1. Records regarding your agency's acquisition of cell site simulators, including but not limited to invoices, purchase orders, contracts, loan agreements, evaluation agreements, solicitation letters, correspondence with companies and public agencies that provide the devices, and similar documents.

2. Records regarding any offer, proposal, arrangement, agreement, or memorandum of understanding with California Highway Patrol ("CHP"), Naval Criminal Investigative Service ("NCICS"), Federal Bureau of Investigation ("FBI"), U.S. Marshals Service, FBI's Data Intercept Technology Unit ("DITU"), San Francisco County Sheriff's Department, or any corporation, to borrow, permanently acquire from, or use any cell site simulator.

3. All nondisclosure agreements with Harris Corporation, Digital Receiver Technology (DRT, formerly Utica Systems, now a subsidiary of Boeing Corporation), Septier Communication Limited, Proximus LLC, any other corporation, and any state or federal agencies, regarding your agency's actual or potential possession or use of cell site simulators

4. Records regarding policies and guidelines governing use of cell site simulators, including but not limited to 1) when, where, how, and against whom they devices may be used, 2) logging, retention, purging, use, and auditing data stored in or communicated from the devices, 3) under what circumstances administrative warrant, judicial warrant, or other legal process must, should, or should not be obtained prior to, during, or following direct or indirect use of the devices, 4) under what circumstances the existence or use of the devices must, should, or should not be revealed to judges, prosecutors, defense attorneys, criminal defendants, or the general public., and 5) parallel construction techniques for use in avoidance of disclosure of the initial method of discovery of information gained initially by use of cell site simulators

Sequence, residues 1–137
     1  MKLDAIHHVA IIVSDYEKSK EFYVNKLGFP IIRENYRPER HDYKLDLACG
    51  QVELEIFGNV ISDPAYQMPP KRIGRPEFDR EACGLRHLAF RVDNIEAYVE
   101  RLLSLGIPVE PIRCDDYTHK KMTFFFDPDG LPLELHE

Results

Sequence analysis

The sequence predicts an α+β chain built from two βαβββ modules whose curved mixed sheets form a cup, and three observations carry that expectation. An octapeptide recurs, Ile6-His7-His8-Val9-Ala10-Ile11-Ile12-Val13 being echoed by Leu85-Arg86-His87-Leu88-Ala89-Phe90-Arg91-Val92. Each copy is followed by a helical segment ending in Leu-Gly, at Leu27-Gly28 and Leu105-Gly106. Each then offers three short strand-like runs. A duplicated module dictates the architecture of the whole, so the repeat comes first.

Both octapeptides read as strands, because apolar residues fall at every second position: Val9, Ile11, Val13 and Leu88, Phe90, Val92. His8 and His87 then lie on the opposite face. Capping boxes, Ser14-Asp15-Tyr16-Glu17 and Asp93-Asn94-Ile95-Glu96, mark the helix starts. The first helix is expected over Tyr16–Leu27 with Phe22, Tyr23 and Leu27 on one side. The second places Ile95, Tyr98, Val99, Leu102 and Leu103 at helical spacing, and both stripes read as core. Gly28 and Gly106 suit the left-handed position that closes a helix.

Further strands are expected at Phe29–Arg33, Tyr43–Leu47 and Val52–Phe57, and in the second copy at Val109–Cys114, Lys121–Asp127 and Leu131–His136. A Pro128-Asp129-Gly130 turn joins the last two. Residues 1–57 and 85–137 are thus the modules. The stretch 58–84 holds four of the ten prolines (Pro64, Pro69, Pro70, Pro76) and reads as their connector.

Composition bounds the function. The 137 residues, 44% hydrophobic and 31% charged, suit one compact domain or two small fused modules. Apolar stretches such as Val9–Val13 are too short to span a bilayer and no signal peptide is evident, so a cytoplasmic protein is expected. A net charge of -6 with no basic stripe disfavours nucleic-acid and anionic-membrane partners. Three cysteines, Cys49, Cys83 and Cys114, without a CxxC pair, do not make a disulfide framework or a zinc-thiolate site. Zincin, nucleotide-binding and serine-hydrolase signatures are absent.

5. Training materials for use of cell site simulators

6. Records regarding any communications or agreements with wireless service providers (i.e., mobile phone carriers such as AT&T, CenturyLink, CREDO Mobile, MetroPCS, Sprint, Ting, T-Mobile, Verizon, Virgin Mobile, etc.) concerning use of cell site simulators

7. Records regarding any communications, licenses, waivers, or agreements, with federal or state communications regulatory agencies (e.g., Federal Communications Commission, Canadian Radio-television and Telecommunications Commission, California Public Utilities Commission, Idaho Public Utilities Commission, Oregon Public Utility Commission, etc.) concerning use of cell site simulators